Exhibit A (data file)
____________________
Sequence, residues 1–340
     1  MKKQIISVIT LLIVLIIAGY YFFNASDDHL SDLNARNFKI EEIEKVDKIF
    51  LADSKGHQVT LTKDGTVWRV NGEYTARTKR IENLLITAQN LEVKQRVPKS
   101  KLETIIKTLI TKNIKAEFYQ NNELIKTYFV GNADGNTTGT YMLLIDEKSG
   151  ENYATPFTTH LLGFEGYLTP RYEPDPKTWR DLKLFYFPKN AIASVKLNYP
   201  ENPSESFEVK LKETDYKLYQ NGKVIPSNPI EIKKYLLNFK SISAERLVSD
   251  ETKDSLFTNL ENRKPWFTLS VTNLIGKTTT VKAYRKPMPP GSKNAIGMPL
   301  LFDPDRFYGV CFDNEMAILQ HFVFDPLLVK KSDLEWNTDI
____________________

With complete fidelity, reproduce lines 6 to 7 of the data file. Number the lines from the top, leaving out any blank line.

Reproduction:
   201  ENPSESFEVK LKETDYKLYQ NGKVIPSNPI EIKKYLLNFK SISAERLVSD
   251  ETKDSLFTNL ENRKPWFTLS VTNLIGKTTT VKAYRKPMPP GSKNAIGMPL